DETROIT – The first production of the Chevrolet Volt has rolled off the assembly line at a General Motors Co. factory in Detroit, but anyone who wants to buy the electric-drive vehicle is going to have to bid for it.
The Volt – bearing the vehicle identification number ending in BU100002 – will be auctioned off, with all proceeds benefitting the Detroit Public Schools Foundation, the automaker said. Details on the auction can be found at Volt.CharityBuzz.com. Bidding ends Dec. 14.
On Tuesday night, bidding on the website had reached $180,000.
“Every aspect of the Volt – from its aerodynamic shape to its battery chemistry – is a testament to the importance of math and sciences,” GM North America President Mark Reuss said Tuesday. “By encouraging Detroit-area students to pursue these topics, we hope to cultivate the next generation of engineers who will build upon the Volt’s innovative technologies.”
The Volt is the first of a new generation of mass-produced plug-in electric and hybrid vehicles to hit the U.S. auto market. It will retail for $41,000 when it hits showrooms in December, but it will be eligible for a $7,500 federal tax credit. Lease deals will also be available.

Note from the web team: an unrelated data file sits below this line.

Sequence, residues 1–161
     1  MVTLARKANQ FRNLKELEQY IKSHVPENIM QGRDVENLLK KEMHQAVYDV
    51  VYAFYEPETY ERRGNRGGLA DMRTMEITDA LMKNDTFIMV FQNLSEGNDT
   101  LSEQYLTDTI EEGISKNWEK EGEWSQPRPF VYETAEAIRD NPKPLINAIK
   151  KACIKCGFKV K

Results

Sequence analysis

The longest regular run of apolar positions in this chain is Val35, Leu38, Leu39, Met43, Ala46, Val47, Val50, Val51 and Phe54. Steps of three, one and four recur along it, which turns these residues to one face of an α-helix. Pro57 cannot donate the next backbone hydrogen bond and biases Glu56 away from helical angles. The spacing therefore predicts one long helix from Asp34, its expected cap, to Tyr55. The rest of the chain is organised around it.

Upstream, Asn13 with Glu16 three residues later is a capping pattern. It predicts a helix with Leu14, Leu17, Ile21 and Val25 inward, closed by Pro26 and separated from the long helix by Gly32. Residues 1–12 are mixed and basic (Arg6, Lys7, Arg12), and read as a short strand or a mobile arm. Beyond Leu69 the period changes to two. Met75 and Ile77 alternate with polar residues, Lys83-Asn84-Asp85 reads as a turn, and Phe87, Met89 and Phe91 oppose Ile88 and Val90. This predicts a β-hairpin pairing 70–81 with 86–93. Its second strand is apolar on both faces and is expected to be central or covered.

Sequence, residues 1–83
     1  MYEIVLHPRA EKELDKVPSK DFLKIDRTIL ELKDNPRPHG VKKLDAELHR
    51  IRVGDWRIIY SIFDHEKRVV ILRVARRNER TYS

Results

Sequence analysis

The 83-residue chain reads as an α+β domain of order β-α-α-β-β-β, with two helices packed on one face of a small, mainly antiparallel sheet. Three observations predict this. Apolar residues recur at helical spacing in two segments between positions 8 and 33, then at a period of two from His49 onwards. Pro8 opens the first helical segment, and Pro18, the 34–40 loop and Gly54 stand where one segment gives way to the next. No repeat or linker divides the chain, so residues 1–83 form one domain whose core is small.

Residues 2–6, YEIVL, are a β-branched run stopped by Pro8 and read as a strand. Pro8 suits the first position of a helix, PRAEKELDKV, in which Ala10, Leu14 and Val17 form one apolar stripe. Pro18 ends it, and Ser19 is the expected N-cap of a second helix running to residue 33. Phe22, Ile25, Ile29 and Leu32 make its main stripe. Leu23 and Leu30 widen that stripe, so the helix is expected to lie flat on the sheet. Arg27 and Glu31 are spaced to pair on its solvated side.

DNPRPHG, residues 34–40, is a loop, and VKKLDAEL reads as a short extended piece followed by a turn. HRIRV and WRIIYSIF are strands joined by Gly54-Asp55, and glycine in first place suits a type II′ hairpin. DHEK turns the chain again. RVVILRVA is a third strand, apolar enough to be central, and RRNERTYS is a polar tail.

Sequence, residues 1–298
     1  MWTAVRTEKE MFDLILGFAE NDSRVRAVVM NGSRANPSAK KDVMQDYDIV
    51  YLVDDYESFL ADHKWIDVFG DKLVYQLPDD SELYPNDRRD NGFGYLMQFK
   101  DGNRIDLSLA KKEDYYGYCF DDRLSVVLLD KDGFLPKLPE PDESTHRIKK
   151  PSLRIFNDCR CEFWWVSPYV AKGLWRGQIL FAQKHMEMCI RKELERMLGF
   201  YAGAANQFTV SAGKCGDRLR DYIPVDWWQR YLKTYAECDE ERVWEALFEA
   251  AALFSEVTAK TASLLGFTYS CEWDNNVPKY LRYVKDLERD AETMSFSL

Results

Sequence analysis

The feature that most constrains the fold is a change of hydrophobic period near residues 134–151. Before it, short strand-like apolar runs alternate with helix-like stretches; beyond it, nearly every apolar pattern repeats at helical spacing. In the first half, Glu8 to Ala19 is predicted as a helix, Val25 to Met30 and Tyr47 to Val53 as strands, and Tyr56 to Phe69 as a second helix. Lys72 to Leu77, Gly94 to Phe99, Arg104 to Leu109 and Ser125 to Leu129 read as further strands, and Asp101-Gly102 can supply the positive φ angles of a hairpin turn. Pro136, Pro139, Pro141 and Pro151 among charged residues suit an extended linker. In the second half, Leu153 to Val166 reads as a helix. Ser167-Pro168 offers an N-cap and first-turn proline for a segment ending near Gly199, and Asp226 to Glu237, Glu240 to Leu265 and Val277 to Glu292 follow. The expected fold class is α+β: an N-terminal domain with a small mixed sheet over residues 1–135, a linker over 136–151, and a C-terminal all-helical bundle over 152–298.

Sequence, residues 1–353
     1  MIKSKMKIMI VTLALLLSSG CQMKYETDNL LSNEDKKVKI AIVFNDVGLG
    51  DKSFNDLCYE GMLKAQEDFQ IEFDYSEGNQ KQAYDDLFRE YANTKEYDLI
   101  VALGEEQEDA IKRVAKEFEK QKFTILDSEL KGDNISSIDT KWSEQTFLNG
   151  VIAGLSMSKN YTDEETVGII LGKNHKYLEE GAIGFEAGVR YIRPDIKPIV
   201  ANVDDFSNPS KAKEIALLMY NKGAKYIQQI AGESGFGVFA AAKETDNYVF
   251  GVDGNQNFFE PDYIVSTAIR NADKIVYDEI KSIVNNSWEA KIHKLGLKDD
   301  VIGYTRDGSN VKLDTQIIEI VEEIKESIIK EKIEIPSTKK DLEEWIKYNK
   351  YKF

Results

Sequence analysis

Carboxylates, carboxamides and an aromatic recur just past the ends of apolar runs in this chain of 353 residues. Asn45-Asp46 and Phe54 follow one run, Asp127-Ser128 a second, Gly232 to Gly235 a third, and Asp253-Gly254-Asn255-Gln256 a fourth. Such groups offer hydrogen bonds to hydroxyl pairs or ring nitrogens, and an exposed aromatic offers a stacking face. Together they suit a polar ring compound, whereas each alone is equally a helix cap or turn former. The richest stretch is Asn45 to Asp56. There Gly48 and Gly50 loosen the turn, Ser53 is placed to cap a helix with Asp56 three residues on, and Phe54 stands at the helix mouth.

The compact sedan has a range of about 40 miles using only electricity from its battery, according to GM. It also has a gas engine to generate electricity to drive the motor when the batteries run out and extend the range by 300 miles. By year’s end, Nissan Motor Co. will launch its Leaf car, powered only by batteries. Ford will come out with an all-electric version of its Focus compact car next year.
The Volt has been a publicity boon for GM.
“There’s no denying the awareness and image boost the Volt has provided to GM over the past few weeks, and given the automaker’s recent history that alone may justify the car’s $1 billion investment,” said Karl Brauer, an analyst at auto information company Edmunds.com.